Hannah Lowe’s latest collection of poetry Chan (Bloodaxe, 2016) revisits the characters and stories from her first collection, Chick (Bloodaxe, 2013), which won the Michaels Murphy memorial Award for Best First Collection, and was short-listed for the Forward, Aldeburgh and Seamus Heaney Best First Collection Prizes. Named one of the 20 Next Generation poets, the bar variably has been...

Unity in Variety VI at Gabriel Fine Arts

In the sixth edition of their most recent collaboration with Barikee, Gabriel Fine Arts showcased an expansive array of work, from the interpretive calligraphy of Bin Qulander to the poetic photographs of Adriaan van Heerden. The mere diversity in artistic origin, from Pakistan to South Africa and New Zealand to Germany, serves homage to the title and ethos of...

They Would Have All That by Mary Jean Chan

To sing the evening home, the lover prepares a pot of lentil stew – her phone lighting up to the news of love’s imminent arrival, imagining her lover’s footsteps across the swollen field, damp with longing, her lover’s steady hand gripping her smartphone to navigate towards some notion of home, their flat an unfamiliar place of worship, their bodies growing close and moving apart with the regularity of heart- beat, blood-breath....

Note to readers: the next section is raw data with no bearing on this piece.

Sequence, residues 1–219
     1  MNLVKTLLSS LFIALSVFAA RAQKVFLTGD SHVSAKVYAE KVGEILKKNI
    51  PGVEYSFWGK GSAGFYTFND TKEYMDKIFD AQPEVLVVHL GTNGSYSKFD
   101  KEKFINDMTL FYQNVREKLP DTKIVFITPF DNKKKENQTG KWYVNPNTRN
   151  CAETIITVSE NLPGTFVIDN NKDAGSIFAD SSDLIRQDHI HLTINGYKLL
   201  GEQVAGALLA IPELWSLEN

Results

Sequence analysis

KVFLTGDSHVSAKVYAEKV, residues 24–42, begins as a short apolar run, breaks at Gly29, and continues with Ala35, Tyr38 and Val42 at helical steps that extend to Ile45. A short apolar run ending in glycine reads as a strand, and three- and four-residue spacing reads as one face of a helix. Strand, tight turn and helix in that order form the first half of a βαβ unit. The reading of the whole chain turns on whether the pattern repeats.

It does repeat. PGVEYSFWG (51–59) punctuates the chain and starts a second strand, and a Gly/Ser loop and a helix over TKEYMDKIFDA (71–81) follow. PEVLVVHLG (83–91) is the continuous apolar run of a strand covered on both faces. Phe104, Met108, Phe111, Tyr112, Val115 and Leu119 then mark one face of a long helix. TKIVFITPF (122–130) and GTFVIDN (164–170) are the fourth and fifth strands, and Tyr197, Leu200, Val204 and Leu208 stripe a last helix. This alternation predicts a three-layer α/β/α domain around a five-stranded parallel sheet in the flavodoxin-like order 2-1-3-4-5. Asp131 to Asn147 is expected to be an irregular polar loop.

Publishing the ‘New’

  ‘It is very good of you to throw a pound into our jaws, when you know nothing of what you may get out of them. Mr Eliot is an American of the highest culture, so that his writing is almost unintelligible; Middleton Murry edits The Athenaeum, and is also very obscure. I mean you’ll have to shut your door...